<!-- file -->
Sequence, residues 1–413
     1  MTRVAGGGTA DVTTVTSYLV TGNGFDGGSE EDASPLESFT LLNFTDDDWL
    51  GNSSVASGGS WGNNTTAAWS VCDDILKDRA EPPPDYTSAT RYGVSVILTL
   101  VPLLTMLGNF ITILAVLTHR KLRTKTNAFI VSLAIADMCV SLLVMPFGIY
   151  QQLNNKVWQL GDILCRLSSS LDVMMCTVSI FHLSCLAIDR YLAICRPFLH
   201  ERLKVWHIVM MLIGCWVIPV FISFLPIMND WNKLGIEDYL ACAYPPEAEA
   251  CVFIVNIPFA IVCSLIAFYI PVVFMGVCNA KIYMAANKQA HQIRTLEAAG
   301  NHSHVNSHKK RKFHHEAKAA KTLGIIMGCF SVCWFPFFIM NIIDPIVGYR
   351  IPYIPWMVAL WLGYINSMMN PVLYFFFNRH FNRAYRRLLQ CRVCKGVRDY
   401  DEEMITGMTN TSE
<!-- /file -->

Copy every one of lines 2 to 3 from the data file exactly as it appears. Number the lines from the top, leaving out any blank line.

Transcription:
     1  MTRVAGGGTA DVTTVTSYLV TGNGFDGGSE EDASPLESFT LLNFTDDDWL
    51  GNSSVASGGS WGNNTTAAWS VCDDILKDRA EPPPDYTSAT RYGVSVILTL